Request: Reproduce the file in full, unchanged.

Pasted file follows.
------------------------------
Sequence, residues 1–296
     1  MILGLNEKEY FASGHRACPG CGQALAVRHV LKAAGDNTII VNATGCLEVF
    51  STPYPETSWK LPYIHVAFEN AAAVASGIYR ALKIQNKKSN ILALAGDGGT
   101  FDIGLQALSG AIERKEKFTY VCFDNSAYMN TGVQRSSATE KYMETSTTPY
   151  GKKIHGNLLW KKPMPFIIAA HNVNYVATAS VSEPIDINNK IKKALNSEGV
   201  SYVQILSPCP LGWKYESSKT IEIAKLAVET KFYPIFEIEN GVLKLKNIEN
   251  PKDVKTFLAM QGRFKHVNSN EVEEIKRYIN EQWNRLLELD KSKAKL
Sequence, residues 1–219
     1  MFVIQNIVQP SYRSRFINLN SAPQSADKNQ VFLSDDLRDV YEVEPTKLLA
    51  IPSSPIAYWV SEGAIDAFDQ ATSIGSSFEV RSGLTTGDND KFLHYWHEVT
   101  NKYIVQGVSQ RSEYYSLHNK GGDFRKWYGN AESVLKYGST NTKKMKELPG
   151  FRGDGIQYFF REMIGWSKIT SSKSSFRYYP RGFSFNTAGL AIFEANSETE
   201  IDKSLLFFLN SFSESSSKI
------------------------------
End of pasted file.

Sequence, residues 1–296
     1  MILGLNEKEY FASGHRACPG CGQALAVRHV LKAAGDNTII VNATGCLEVF
    51  STPYPETSWK LPYIHVAFEN AAAVASGIYR ALKIQNKKSN ILALAGDGGT
   101  FDIGLQALSG AIERKEKFTY VCFDNSAYMN TGVQRSSATE KYMETSTTPY
   151  GKKIHGNLLW KKPMPFIIAA HNVNYVATAS VSEPIDINNK IKKALNSEGV
   201  SYVQILSPCP LGWKYESSKT IEIAKLAVET KFYPIFEIEN GVLKLKNIEN
   251  PKDVKTFLAM QGRFKHVNSN EVEEIKRYIN EQWNRLLELD KSKAKL
Sequence, residues 1–219
     1  MFVIQNIVQP SYRSRFINLN SAPQSADKNQ VFLSDDLRDV YEVEPTKLLA
    51  IPSSPIAYWV SEGAIDAFDQ ATSIGSSFEV RSGLTTGDND KFLHYWHEVT
   101  NKYIVQGVSQ RSEYYSLHNK GGDFRKWYGN AESVLKYGST NTKKMKELPG
   151  FRGDGIQYFF REMIGWSKIT SSKSSFRYYP RGFSFNTAGL AIFEANSETE
   201  IDKSLLFFLN SFSESSSKI